Five reasons the next budget fight could be worse
Think this budget fight is bad? Just wait a few weeks. Even if Congress manages to resolve its differences over the current budget extension, the continuing resolution funds the government only until Nov. 18. And the next round of budget negotiations will feature much larger stakes, much more consequential differences, and many more opportunities and excuses for mischief. Here are five potential flash points:
1) The entire 2012 budget will be under negotiation, not just emergency funds: The rapid escalation of the current shutdown fight is over a small sliver of emergency disaster aid money. That has obscured the broad bipartisan consensus over the vast majority of government spending — at least until Nov. 18. Both parties have agreed to abide by the debt-ceiling agreement’s overall budget target of $1.043 trillion, and they have decided to meet that number by freezing funding for all non-defense spending at last year’s levels minus a 1.5 percent, across-the-board reduction.
That’s not going to happen the next time around, when the funding for all of FY2012 is at stake. Party leaders say they’ll continue to abide by the overall $1.043 trillion funding limit under the debt-ceiling deal, which requires $21 billion in spending cuts for 2012. But neither party is pushing for across-the-board cuts again to reach that target. Instead, legislators want to cut more money from some places than others. And that could spark many turf battles over spending priorities.
2) Congress hasn’t decided whether it will pass the next budget piecemeal or all at once: Traditionally, budgets are supposed to pass through 12 separate appropriations bills, so individual committees can closely examine and allocate funds for specific programs. But neither the House nor the Senate has finished putting all these individual bills through the paces: The House has voted on six appropriations bills, and the Senate has voted on just one. Given the time crunch, GOP leaders recently said they’d be willing to consider an omnibus approach, which would lump everything into one bill — and one set of negotiations.
But there are political risks in that approach as well. Republican House Speaker John Boehner previously railed against Democrats for using an omnibus budget to ram undesirable items through Congress without adequate scrutiny. The right flank of the House GOP and tea party groups have made clear they’re not happy with the approach, which could force Boehner to rely even more heavily on Democratic lawmakers to pass the 2012 budget or demand larger concessions to satisfy conservative legislators.
3) Both parties have already drawn battle lines on funding priorities: In the meantime, both parties have begun laying out their goals for the 2012 budget, some of which have already sparked partisan attacks. For example, the House GOP’s appropriations bill would cut a food assistance program for low-income women and children by $833 million below FY2011 levels, providing $5.9 billion total, and would cut federal highway funding to $27 billion — $11.7 billion below the FY2011 level. Democratic aides have slammed such GOP proposals, calling the cuts “class warfare.” And that’s just a tiny portion of the budget that will be under negotiation.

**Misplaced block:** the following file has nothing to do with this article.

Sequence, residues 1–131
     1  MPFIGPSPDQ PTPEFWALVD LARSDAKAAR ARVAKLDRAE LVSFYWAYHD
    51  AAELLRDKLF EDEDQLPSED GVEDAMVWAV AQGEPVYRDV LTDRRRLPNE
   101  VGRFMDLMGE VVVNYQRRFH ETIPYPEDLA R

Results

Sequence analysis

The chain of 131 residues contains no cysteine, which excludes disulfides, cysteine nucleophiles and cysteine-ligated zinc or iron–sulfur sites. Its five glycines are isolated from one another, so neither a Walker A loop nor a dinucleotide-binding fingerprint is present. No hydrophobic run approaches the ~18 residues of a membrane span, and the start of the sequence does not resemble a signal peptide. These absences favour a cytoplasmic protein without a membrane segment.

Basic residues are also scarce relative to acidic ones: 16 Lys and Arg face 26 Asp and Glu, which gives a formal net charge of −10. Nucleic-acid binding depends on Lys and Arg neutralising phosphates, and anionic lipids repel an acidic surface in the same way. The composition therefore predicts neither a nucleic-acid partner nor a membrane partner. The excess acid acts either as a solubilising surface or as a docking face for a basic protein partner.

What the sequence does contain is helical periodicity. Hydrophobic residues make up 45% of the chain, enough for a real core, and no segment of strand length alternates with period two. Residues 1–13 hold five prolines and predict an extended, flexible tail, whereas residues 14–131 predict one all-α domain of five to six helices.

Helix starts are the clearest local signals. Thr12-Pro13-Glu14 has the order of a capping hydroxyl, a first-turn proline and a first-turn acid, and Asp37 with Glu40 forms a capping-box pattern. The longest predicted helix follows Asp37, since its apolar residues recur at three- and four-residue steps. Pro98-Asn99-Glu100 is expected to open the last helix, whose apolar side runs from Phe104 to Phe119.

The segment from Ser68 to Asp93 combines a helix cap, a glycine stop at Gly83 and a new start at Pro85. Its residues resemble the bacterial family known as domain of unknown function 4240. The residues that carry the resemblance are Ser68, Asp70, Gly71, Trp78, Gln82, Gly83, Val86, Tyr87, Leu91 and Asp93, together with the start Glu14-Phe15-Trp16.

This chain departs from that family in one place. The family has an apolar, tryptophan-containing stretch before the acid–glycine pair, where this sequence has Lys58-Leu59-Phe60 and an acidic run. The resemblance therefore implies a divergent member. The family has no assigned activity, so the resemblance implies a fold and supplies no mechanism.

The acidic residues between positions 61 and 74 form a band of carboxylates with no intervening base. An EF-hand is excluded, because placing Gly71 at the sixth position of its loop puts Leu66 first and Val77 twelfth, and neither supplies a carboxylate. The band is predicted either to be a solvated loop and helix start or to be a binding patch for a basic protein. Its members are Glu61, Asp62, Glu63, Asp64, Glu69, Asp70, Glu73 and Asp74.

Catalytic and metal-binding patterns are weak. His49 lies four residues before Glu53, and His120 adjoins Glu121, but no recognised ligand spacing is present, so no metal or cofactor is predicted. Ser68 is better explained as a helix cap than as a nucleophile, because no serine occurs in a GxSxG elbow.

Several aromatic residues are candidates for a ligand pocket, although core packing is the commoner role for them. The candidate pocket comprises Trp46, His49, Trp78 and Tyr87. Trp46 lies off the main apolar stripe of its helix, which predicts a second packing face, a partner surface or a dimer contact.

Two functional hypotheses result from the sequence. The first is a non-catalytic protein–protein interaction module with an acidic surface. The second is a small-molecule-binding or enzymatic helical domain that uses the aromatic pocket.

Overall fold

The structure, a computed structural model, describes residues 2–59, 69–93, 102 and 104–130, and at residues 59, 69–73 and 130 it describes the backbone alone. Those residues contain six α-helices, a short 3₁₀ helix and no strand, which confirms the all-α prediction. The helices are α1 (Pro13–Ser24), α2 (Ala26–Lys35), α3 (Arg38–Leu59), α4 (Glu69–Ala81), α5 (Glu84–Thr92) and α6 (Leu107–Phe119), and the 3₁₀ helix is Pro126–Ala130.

4) There could be big fights over policy riders: This is what tripped up the budget negotiations the last time around. Back in April, Republicans pushed to restrict funding for Planned Parenthood and abortion in the District of Columbia through “riders” that placed conditions on the money. Congress could deadlock over riders again, but it’s not just abortion that could be at issue.
In July, the House Energy and Commerce Committee passed an appropriations bill that would cut EPA funding by 20 percent and impose a slew of policy riders rolling back regulations on coal ash, carbon pollution and toxic emissions from power plants, among others. The House GOP has since doubled down on the issue: On Friday, it passed a bill to place unprecedented restrictions on the EPA’s air-pollution rules. A Republican aide confirmed on Monday that House Appropriations Committee Chairman Hal Rogers “will fight hard for the bills that have passed the House” in the next round of 2012 budget negotiations. And that’s just one of the hot-button regulatory issues that could draw battle lines in November.
5) The supercommittee is due to provide its deficit-reduction proposal at the same time: Finally, the 2012 budget negotiations could also be complicated by what the supercommittee produces. The deadline for the deficit-reduction package — which would take effect in 2013 — is November 23, which could overlap with the 2012 budget as well if negotiations carry on past November 18. Whether or not there is a proposal on the table (and what it looks like) could shape what legislators want to prioritize in the 2012 budget and how much they really want to dig in for a single year’s funding.